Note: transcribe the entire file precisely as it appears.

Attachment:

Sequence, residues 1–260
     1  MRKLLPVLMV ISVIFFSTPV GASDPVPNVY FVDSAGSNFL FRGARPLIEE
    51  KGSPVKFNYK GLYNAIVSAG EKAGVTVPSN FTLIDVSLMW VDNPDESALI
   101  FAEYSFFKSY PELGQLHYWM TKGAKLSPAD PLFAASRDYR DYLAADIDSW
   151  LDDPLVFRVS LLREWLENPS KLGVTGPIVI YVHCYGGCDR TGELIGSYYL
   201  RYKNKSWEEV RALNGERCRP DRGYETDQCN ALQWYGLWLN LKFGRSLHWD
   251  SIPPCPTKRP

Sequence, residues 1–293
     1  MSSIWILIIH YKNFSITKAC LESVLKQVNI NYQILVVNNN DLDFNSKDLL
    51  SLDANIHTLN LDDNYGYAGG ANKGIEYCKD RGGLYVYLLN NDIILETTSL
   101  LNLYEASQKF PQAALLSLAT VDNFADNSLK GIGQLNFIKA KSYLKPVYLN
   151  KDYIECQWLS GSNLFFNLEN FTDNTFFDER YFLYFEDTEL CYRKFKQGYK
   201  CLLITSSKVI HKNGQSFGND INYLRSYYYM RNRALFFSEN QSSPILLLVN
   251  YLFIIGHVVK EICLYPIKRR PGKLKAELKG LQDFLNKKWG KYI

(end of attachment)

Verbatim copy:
Sequence, residues 1–260
     1  MRKLLPVLMV ISVIFFSTPV GASDPVPNVY FVDSAGSNFL FRGARPLIEE
    51  KGSPVKFNYK GLYNAIVSAG EKAGVTVPSN FTLIDVSLMW VDNPDESALI
   101  FAEYSFFKSY PELGQLHYWM TKGAKLSPAD PLFAASRDYR DYLAADIDSW
   151  LDDPLVFRVS LLREWLENPS KLGVTGPIVI YVHCYGGCDR TGELIGSYYL
   201  RYKNKSWEEV RALNGERCRP DRGYETDQCN ALQWYGLWLN LKFGRSLHWD
   251  SIPPCPTKRP

Sequence, residues 1–293
     1  MSSIWILIIH YKNFSITKAC LESVLKQVNI NYQILVVNNN DLDFNSKDLL
    51  SLDANIHTLN LDDNYGYAGG ANKGIEYCKD RGGLYVYLLN NDIILETTSL
   101  LNLYEASQKF PQAALLSLAT VDNFADNSLK GIGQLNFIKA KSYLKPVYLN
   151  KDYIECQWLS GSNLFFNLEN FTDNTFFDER YFLYFEDTEL CYRKFKQGYK
   201  CLLITSSKVI HKNGQSFGND INYLRSYYYM RNRALFFSEN QSSPILLLVN
   251  YLFIIGHVVK EICLYPIKRR PGKLKAELKG LQDFLNKKWG KYI